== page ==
By mortal standards, the khakis were fine. But to Joel Schumacher and Matthew McConaughey, the director and star, respectively, of this summer’s epic adaptation of John Grisham’s A Time to Kill, they were a bit on the baggy side.
”Where did you get them?” Schumacher asked during a preproduction costume fitting last summer.
”They’re from the Gap,” said costume designer Ingrid Ferrin. ”Fine,” said the director rather clinically, ”but make sure the seat fits right.” Then he turned to McConaughey, laughed, and made a promise: ”I’m going to make your ass a star.”
The director who made the essential Brat Pack movie, 1985’s St. Elmo’s Fire, kept his word. Months before the movie’s release, A Time to Kill’s test scores had Hollywood smelling a hit. Studios, also smelling a new star, began vying for McConaughey’s future services. And not since Sharon Stone caught America’s attention in Basic Instinct have the media, which was quite taken with him in press screenings, seemed so eager to bestow stardom on an actor’s nether regions. (Whether McConaughey is the next Marlon Brando or Paul Newman has become so public a debate, it’s a wonder Ross Perot hasn’t weighed in on it yet.)
McConaughey mania, fueled by a cover story in Vanity Fair, a profile in Newsweek, and enough TV interviews to make Netanyahu blush, is indeed noteworthy, given a supporting cast that includes such star wattage as Sandra Bullock, Kevin Spacey, and Samuel L. Jackson. It’s even more remarkable — or silly, depending on how you look at it — considering that the general public hasn’t even seen the film yet; if McConaughey is familiar at all, it’s from blink-and-you-miss-him roles in Dazed and Confused, Boys on the Side, and the current Lone Star.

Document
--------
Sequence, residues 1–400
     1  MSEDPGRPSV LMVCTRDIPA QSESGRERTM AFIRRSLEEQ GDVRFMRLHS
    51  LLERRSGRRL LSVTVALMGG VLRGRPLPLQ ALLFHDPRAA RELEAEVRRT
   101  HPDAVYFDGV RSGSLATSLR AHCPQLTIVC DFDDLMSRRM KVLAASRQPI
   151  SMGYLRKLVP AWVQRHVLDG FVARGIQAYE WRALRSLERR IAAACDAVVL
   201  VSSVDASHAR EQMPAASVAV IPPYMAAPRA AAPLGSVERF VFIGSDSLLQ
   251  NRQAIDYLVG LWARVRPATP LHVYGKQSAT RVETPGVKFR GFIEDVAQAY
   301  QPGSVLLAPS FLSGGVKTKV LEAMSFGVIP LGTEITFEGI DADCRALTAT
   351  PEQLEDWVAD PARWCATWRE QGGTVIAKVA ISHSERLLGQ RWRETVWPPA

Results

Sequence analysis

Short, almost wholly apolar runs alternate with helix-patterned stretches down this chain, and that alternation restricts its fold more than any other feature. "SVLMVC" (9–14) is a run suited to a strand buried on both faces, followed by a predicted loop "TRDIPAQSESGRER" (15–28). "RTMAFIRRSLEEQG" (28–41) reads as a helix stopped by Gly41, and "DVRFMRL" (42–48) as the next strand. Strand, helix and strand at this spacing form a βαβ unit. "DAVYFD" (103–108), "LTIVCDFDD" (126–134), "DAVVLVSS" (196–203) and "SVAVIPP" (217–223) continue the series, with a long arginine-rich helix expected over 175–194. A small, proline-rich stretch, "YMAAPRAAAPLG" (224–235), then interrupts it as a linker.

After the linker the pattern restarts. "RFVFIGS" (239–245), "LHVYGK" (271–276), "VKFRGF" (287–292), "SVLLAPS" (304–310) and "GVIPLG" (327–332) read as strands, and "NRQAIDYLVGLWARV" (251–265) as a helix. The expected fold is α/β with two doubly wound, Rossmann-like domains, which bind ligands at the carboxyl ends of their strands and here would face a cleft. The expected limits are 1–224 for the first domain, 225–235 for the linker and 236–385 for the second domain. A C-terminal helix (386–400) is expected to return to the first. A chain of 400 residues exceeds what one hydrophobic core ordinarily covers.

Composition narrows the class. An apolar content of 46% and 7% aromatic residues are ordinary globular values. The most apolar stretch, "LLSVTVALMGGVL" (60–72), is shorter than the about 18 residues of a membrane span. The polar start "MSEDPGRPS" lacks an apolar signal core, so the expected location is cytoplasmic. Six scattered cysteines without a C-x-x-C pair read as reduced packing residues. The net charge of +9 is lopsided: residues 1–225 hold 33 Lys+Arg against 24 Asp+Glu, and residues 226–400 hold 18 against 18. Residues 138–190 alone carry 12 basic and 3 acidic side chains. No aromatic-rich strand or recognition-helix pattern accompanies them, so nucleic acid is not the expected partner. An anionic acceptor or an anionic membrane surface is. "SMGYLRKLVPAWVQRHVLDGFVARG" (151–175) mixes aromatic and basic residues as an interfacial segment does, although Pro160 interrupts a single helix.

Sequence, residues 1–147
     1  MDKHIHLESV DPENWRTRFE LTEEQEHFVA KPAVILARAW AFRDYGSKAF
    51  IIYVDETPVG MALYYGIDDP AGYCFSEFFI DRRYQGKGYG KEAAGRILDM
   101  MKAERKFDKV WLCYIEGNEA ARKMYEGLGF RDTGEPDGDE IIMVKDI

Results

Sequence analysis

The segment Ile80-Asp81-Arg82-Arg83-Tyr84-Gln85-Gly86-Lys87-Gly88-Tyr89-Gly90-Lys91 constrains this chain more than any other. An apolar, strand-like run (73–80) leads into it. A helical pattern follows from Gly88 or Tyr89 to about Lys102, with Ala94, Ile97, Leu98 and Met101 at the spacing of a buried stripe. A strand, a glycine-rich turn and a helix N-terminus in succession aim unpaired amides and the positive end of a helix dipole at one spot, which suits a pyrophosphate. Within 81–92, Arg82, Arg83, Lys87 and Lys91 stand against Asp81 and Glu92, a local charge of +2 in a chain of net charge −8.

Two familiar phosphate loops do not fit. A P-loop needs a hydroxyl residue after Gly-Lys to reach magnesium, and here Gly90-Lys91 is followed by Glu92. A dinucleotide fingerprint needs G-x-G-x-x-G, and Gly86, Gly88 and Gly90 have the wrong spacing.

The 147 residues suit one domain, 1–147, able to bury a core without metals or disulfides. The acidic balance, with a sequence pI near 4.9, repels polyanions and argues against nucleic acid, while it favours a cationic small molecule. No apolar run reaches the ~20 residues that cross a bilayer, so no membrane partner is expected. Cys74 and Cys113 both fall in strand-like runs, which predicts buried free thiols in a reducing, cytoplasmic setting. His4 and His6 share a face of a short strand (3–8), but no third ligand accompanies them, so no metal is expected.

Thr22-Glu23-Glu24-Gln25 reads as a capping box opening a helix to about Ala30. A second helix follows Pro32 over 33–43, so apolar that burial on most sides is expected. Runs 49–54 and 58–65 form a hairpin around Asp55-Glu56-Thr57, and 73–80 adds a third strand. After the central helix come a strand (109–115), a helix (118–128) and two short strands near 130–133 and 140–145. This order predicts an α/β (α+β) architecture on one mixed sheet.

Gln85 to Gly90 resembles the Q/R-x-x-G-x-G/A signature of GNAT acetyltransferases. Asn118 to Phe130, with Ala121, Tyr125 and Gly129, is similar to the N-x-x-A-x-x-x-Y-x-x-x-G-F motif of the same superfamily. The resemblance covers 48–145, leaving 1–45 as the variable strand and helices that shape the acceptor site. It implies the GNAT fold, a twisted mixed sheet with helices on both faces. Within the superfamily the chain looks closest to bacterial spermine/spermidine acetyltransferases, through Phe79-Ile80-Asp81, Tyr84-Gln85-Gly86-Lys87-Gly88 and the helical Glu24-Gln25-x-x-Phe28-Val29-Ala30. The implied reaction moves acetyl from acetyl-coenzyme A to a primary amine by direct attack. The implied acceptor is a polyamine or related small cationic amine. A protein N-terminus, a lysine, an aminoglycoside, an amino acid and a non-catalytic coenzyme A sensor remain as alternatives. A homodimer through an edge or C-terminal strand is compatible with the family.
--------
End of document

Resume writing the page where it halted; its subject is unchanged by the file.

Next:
But in truth, the most remarkable thing about A Time to Kill is not that it has made McConaughey a star — it’s that it was made at all. The obstacles faced in bringing Grisham’s 1989 novel to the screen started with the author’s reluctance to sell his favorite book to Hollywood. Then there was the challenge of crafting a 140-page screenplay from an immensely popular but meandering and racially inflammatory best-seller, which takes more than 500 pages to tell the story of a white Mississippi lawyer named Jake Brigance (McConaughey) who risks his life and career defending a black man (Jackson) on trial for murdering the two rednecks who raped and tortured his little girl. And there was the arduous, 14-month-long search for an actor to play Jake — a series of hollering debates that nearly derailed the movie before shooting started.
Now the next battle begins. Can a $40 million drama about lawyers (albeit impossibly good-looking ones) compete with this summer’s twisters and space invaders — and go head-to-head with the Summer Olympics? Spacey, last year’s Best Supporting Actor for The Usual Suspects (his name was placed above the title of A Time to Kill after the Oscars), offered one optimistically deadpan answer to that question while on location in Canton, Miss., last December. ”It’s about a black man who’s accused of double murder, who’s on trial,” he said, two months after the country paused to listen to the O.J. Simpson verdict. ”Hmm. I wonder if there’ll be an audience for it.”